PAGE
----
February 26, 2020
It’s a cliché that we’re inundated with more data than ever before, but that doesn’t make it any less true. Throughout the day we have emails, tweets, news alerts, articles and more. In business we also have communication from customers through a range of social media, phone calls, and in person. And we might have customer surveys, complaints and compliments to consider as well.
It can be overwhelming.
Mindfulness has become recognised as a powerful tool for our personal lives. By taking the time to focus on the important stuff and screen out the trivial we reduce stress and that, ironically, allows us to get more done in the important areas.
The same idea can apply to a business. And yes I mean a business, not just you in business.
When we get inundated with data we start to lose perspective. Everything is important and needs to be dealt with immediately. It’s a reactive response that not only causes us to feel we’ve lost control but also leads to bad decisions.
This is true in every aspect of our lives. But in our personal life we’re told this is an issue and encouraged to be mindful. In business, by contrast, we’re given examples of competitors using real-time data to be more efficient while being told that if we don’t respond quickly to customers they will leave.
But what if we don’t react? Don’t chase every new input we get?
What if instead we build solid processes that we trust? Then we can step back and use the feedback and the data to periodically tweak those processes and make them more efficient.
You might have seen something like this around. This particular one I spotted at a motorway stop in France but they’re in many airports, supermarkets and more. By making it quick and easy for the customer to give feedback they gather information that businesses otherwise never see.
Busy locations like the San Francisco ‘49ers use them to gather real-time data and so they can identify problems and move staff to fix them before they become serious issues. When you have 70,000 people in the premises at one time that can make sense. It’s part of their process since they can’t predicts all issues.
But what about businesses with lower volumes of people? Does it make sense to monitor real-time data when you have 200, 500 or even 1,000 people across a day?
Of course not. For most businesses the numbers are so low for most of the day that a single response can completely skew the result. And monitoring it will cause stress and even bad decisions.
What works better is to forget about the results and whenever enough data to be valid has built up (that could be monthly, weekly, or even daily) take the time to sit down and consider the outcome. Maybe the results will be great and you can be happy everything is working well.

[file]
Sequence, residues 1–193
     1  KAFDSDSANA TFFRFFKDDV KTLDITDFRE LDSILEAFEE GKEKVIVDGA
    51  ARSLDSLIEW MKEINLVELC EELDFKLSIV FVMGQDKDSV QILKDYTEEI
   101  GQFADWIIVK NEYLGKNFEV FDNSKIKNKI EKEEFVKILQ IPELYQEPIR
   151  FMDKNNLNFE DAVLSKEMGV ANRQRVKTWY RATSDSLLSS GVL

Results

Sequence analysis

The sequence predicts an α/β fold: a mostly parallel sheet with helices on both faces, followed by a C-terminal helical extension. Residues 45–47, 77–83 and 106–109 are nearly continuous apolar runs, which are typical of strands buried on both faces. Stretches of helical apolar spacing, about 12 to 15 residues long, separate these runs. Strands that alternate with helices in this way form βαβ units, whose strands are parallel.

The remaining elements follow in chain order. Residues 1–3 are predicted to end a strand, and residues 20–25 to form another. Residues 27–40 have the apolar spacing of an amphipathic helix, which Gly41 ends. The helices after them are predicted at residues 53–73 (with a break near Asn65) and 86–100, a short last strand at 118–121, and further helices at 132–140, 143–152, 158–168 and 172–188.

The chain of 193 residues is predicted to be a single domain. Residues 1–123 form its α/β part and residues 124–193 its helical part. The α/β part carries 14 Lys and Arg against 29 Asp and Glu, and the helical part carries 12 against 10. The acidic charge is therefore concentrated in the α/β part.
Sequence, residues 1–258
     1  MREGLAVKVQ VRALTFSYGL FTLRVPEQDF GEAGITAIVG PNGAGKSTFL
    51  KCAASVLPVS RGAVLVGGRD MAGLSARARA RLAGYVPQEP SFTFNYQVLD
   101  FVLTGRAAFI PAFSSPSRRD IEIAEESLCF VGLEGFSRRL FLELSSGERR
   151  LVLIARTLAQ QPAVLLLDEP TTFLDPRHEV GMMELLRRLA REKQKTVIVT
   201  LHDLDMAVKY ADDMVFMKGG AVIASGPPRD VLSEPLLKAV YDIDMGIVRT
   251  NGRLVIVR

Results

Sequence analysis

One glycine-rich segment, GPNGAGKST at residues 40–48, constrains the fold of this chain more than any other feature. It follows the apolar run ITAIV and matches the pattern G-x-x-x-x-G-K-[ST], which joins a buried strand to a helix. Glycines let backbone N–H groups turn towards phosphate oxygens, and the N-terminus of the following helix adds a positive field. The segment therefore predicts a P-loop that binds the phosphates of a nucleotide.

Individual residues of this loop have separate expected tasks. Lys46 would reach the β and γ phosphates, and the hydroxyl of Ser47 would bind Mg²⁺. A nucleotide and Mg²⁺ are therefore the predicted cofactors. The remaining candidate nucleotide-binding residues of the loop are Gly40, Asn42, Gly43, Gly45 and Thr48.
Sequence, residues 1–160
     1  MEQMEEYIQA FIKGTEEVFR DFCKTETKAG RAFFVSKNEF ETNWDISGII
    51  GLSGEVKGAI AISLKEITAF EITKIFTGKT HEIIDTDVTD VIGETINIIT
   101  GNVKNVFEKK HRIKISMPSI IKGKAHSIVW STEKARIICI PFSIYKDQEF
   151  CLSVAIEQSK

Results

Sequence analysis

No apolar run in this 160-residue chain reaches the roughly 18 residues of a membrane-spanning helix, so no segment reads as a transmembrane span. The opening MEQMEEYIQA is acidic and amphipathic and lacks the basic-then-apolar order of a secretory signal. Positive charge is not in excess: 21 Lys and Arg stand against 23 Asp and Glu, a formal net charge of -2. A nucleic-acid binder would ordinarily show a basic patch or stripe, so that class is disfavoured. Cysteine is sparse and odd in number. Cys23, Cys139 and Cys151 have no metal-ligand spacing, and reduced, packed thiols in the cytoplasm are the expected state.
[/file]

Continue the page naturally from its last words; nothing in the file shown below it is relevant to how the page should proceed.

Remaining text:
And if they do happen to be bad you can take time to consider why and put together a plan. That might involve getting more information. Or tweaking your process (for instance increasing cleaning of specific location more frequently on specific times or dates). Or it could be that this was a one-time event that you can safely say you don’t need to worry about happening again.
Whatever the result you have let the process work, reducing stress and the damage that can be caused by blindly reacting to single events.
None of this is to say that all real-time data is bad, just that the constant monitoring and reacting to it is. You want to know when you’re leg is broken but you don’t want to spend every second fretting and checking. Instead nature has built an alert system called pain. When something serious occurs you get notified.
In the same way, you do need to know about some incidents such as spillages, blockages or other serious matters. But getting an alert is a far better use of your time than constantly monitoring data. It’s also a lot less stress-inducing.
Mindfulness In Sentiment
I built this philosophy of mindfulness into my design of Sentiment. Instead of portals where you login to see data it’s a set and forget operation. Start the data collection and sit back. Periodically (currently on a monthly schedule but there will soon be options for weekly and daily) we send a report with the relevant statistics and a summary Customer Sentiment Rating. And alerts can be set up for when things need attention.
This allows Sentiment to become a part of your business systems rather than an addition that needs monitoring.
There is a place for real-time data but that place is surprisingly limited. Most businesses are better served by taking the time to gather data without constantly monitoring it. It is better to have a system that you can use the data to audit and tweak as required.
It can be hard to ignore the data as it comes in, human nature is to take action. But having a system helps you to put it aside until you have enough data to be useful, and then approach it in a mindful way. And that will help you see the benefits in both your business and in your own life.
How Do You Ensure You’re Providing The Service Customers Actually Want?